By Rick Schwertfeger, Captain, Frontier Partisans Southern Command, Austin, Texas
Editor’s note: Captain Schwertfeger visited the Central Oregon Redoubt last week. Hiking, shooting, eating, music. Absolutely delightful…
Mohbat Sing’s “eyes were dull red and he exhorted his platoon in a gasped-out monologue of Gurkhali oaths and endearments – ‘Come on, you porcupines’ pricks. It’s all right. Move, move, kids! We’re nearly there. Oh pubic hairs, keep at it. You, you…’ – his head turned as he saw me – ‘salaam, sahib! Of course we can do it! …The Gurkhas are coming!’
He broke into a shambling run, followed by all his platoon. How they did it I do not know. The firing increased suddenly, grew to a mad clatter…at first nearly all Japanese; then even; then nearly all ours, the heavy roar of grenades and the powerful grunting stammer of the Bren guns. Wounded men came down the path, a corpse sprawled in it as I lay behind a tree peering forward. Ray came to me – ‘They made two hundred yards,’ he said. ‘I’m passing another platoon through.’
More firing, again Japanese. I passed the 3/9th Gurkhas through the 3/4th. Found Mohbat Sing and promoted him to jemadar (lieutenant) on the spot for gallantry in the field.”
– British officer Brigade Commander John Masters of the 4th Gurkhas, Burma, WWII.
Seeking to learn more about the Gurkhas – renowned, brave Nepalese fighters in the Indian Army with the famed khukuri knives — I came upon a treasure. For British officer John Masters — assigned initially to the 4th Gurkhas — wrote an astonishing two volume autobiography of his military career, covering his service on the Indian-Afghani North-West Frontier in the 1930s, and in the Middle East and Burma in World War II. Masters could really write! BUGLES AND A TIGER: My Life in the Gurkhas, and THE ROAD PAST MANDALAY combine wonderful accounts of the lands and the settings, entertaining droll British humor, succinct and (mostly) loving descriptions of his brothers in arms of numerous nationalities, and crackling battle action.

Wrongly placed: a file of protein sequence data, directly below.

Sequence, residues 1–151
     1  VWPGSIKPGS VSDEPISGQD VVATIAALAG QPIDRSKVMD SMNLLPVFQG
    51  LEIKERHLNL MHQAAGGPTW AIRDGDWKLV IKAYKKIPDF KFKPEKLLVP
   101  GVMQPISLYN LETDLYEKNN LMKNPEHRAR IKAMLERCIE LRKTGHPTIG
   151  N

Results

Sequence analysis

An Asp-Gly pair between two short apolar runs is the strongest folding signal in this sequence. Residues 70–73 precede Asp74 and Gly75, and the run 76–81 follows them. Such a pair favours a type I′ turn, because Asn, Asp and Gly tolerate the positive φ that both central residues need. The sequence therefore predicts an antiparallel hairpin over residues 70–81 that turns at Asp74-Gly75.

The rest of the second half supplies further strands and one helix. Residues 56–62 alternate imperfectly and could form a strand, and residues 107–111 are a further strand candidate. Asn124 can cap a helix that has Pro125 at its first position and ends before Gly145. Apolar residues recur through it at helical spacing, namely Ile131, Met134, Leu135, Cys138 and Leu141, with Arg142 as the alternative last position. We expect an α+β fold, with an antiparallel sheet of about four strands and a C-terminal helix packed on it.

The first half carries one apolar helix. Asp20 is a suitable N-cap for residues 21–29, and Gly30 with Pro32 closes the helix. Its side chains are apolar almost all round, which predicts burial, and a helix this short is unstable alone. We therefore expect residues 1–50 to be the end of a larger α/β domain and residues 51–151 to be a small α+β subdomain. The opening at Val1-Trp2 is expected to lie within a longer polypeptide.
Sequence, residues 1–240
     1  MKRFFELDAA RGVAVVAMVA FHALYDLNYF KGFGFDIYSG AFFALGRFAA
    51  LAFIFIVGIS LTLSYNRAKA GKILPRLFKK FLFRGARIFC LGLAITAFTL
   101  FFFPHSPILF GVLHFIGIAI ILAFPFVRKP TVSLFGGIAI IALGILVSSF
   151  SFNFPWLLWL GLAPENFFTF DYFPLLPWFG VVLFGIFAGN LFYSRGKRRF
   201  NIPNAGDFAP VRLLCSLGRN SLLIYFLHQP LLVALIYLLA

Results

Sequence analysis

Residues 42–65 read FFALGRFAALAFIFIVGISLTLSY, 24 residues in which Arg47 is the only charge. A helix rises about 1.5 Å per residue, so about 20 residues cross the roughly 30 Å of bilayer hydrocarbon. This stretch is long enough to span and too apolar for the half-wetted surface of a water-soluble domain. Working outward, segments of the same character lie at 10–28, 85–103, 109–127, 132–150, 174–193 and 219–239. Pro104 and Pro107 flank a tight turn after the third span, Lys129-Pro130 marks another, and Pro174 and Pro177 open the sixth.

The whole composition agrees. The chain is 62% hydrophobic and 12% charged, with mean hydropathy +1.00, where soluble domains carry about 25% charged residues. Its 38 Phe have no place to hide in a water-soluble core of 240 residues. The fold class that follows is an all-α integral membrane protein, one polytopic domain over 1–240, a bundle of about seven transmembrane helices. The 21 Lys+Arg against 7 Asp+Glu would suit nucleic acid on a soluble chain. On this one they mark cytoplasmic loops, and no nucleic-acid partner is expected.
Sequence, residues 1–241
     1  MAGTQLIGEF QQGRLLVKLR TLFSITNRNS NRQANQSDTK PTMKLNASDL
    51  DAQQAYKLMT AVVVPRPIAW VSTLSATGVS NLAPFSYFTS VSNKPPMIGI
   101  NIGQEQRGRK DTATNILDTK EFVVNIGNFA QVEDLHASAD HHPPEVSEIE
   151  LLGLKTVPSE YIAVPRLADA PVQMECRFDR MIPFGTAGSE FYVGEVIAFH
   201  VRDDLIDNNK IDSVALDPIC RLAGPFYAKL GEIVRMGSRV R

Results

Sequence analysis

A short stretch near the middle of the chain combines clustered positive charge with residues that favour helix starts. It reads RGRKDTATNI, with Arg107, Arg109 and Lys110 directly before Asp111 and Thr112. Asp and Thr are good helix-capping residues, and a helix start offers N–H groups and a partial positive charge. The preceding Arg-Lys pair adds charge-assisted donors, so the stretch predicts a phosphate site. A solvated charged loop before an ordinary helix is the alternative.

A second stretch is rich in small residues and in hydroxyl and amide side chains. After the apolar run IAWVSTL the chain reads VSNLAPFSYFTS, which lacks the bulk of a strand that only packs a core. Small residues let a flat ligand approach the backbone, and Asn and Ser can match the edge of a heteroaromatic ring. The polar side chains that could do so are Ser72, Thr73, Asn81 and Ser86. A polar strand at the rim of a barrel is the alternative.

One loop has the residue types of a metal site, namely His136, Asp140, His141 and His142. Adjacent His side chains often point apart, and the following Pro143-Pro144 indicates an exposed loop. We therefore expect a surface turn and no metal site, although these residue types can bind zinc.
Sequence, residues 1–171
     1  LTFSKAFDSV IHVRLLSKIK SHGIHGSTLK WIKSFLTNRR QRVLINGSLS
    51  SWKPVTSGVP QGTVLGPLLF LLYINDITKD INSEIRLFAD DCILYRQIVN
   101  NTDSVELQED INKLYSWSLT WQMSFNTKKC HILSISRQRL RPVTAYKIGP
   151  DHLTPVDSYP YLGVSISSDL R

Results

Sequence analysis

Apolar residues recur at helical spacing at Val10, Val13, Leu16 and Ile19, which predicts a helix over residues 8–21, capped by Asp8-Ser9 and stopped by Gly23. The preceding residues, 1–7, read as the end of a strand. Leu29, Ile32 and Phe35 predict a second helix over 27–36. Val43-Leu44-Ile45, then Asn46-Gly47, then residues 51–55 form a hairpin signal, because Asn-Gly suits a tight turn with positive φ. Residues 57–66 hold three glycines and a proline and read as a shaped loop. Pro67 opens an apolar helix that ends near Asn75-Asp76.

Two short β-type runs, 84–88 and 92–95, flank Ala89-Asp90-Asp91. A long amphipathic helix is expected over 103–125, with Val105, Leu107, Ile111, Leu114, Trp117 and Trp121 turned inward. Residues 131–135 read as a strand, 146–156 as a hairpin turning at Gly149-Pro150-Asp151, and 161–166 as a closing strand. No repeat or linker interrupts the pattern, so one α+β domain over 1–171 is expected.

Sections on Masters’ training and performance as an officer are tremendously interesting — as he goes all the way from Sandhurst through leading battle units, to Staff Officers School and performing staff roles, back to battle commander, and back to staff officer. A three-page description of all the factors staff officers must cover in battle planning was extraordinary. And Masters’ two stints as Adjudant to Brigadier Generals demonstrate the significant impact a skilled, sophisticated assistant can have in both battle planning and during the fighting.
So, this is conventional warfare, you say. What does it have to do with frontiers and irregular operations? Two periods of Masters’ career relate. First, his service and combat on the India-Afghanistan border was by definition “frontier.” The Gurkhas Masters commanded in the Indian Army fought a number of Afghan tribes in the remote, mountainous North-West Frontier terrain; and more broadly were securing the frontier border to forestall any thoughts by Germany or Russia to move through the region and attack India should border weaknesses be perceived.